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Rapid Rock Changes Deep Under Fault Lines Can Trigger Repeated Earthquakes

Date:
November 13, 1998
Source:
American Geophysical Union
Summary:
Rock metamorphism and earthquakes may be linked, say three Yale University geologists. Their theoretical study shows that the release of water by rock within fault zones can occur rapidly, in a time frame measured in decades or centuries, rather than eons, and can lead to repeated earthquakes.

WASHINGTON, D.C. -- Rock metamorphism and earthquakes may be linked, say three Yale University geologists. Their theoretical study shows that the release of water by rock within fault zones can occur rapidly, in a time frame measured in decades or centuries, rather than eons, and can lead to repeated earthquakes.

The hypothesis, developed by Drs. Jay J. Ague, Jeffrey Park, and Danny M. Rye, will be published in the November 15 issue of Geophysical Research Letters, as "Regional Metamorphic Dehydration and Seismic Hazard." Geophysical Research Letters is published by the American Geophysical Union.

The researchers have analyzed chemical reactions in Earth's middle crust, some 10-20 kilometers (6-12 miles) beneath the surface. At the high pressures and temperatures found there, minerals in rock recrystallize into other minerals by releasing water entrapped in their crystalline structures.

The Yale model shows that relatively small increases in temperature beyond chemical equilibrium conditions can rapidly accelerate the process of fluid release. Such changes can occur within certain earthquake fault zones, such as California's San Andreas Fault, when downward fault motion transports "hydrated," or water bearing, rock to depths where higher temperatures encourage dehydration of rock.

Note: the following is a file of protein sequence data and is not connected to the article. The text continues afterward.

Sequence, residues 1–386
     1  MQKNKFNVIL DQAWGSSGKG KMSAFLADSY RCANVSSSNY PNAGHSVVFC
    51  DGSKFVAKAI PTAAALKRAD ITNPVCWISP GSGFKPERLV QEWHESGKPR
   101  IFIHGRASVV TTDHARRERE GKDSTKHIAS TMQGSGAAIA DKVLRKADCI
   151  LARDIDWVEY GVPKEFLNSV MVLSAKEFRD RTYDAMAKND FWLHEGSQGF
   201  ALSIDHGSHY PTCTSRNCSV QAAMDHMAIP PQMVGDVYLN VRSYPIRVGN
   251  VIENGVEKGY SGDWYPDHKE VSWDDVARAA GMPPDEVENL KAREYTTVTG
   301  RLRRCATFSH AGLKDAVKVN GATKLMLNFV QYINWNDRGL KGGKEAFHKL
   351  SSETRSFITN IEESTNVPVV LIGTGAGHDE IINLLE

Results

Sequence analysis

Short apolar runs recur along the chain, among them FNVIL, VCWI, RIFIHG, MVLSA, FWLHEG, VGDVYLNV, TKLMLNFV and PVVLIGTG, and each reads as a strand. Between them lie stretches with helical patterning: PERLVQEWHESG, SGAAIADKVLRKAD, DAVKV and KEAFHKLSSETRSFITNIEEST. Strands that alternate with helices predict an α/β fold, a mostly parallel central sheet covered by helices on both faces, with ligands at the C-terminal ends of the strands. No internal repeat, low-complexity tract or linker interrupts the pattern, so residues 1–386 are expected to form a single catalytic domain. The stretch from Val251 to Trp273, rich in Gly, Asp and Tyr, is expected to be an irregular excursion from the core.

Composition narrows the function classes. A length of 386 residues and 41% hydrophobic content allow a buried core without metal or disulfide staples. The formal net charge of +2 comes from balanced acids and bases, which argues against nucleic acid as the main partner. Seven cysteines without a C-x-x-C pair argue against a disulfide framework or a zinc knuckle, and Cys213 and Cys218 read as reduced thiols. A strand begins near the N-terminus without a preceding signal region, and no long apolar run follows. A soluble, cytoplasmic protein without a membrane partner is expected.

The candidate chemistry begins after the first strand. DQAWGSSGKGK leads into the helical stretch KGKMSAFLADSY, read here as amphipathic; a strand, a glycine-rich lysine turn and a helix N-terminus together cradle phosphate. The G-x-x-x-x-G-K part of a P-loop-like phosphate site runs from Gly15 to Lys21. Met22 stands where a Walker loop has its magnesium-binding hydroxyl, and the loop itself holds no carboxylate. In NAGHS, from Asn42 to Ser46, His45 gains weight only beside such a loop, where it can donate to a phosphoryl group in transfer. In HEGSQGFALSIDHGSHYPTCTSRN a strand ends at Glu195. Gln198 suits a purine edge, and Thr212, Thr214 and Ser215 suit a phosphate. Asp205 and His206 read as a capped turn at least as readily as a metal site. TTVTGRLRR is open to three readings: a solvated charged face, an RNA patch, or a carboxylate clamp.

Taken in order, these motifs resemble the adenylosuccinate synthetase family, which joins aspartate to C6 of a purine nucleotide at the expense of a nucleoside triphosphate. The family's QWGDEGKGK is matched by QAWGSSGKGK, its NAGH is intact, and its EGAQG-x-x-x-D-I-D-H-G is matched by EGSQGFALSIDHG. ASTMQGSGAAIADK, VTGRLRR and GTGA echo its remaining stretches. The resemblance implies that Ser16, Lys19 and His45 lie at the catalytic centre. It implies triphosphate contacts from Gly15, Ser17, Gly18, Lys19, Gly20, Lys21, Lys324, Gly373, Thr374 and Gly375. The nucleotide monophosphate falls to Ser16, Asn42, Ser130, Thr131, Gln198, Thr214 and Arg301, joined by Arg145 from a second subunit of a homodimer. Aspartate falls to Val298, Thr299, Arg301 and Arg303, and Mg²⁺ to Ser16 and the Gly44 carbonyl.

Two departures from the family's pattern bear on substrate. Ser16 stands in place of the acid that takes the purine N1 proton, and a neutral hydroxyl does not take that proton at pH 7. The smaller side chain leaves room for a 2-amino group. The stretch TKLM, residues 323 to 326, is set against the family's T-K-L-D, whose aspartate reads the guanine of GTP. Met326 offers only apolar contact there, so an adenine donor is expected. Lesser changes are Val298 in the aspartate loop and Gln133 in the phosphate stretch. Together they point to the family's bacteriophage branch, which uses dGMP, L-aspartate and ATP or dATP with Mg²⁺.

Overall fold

Dehydration of serpentinite, a rock found along many faults, results in water release as metamorphism transforms it into water-poor minerals such as olivine. Rapid release of this water can produce high internal fluid pressures, decrease rock strength, and induce rock failure. By modeling the rates of metamorphic water release, Ague, Park, and Rye show that repeated rock failure may be possible on human, rather than geologic, time scales in the middle crust.

In the middle crust, rocks undergo transition from brittle to ductile behavior and, thus, the escape of overpressured fluids is impeded. As a result, rocks may break apart under internal stresses due to hydrofracturing. Such rock failure could trigger an earthquake if it occurs near an active fault.

According to Ague, the study may provide a link between regional metamorphism and earthquake generation. Further, metamorphism-induced rock failures leading to repeated quakes can occur within a human time scale, not millions of years of geologic time.

Park notes that the model can cause repeated earthquakes over millions of years if fresh, hydrated minerals are transported downward along a fault. This, he says, suggests a feedback mechanism to encourage the thrust faults that build mountain ranges. It also may explain why thrust faults and mountain building are common along a plate boundary in which tectonic plates slide by each other, like the San Andreas Fault. To test the theory, he says, researchers would have to drill into the middle crust in fault zones, or examine old deep fault zones that have been exposed by later erosion.


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The above story is based on materials provided by American Geophysical Union. Note: Materials may be edited for content and length.


Cite This Page:

American Geophysical Union. "Rapid Rock Changes Deep Under Fault Lines Can Trigger Repeated Earthquakes." ScienceDaily. ScienceDaily, 13 November 1998. <www.sciencedaily.com/releases/1998/11/981113082157.htm>.
American Geophysical Union. (1998, November 13). Rapid Rock Changes Deep Under Fault Lines Can Trigger Repeated Earthquakes. ScienceDaily. Retrieved October 1, 2014 from www.sciencedaily.com/releases/1998/11/981113082157.htm
American Geophysical Union. "Rapid Rock Changes Deep Under Fault Lines Can Trigger Repeated Earthquakes." ScienceDaily. www.sciencedaily.com/releases/1998/11/981113082157.htm (accessed October 1, 2014).

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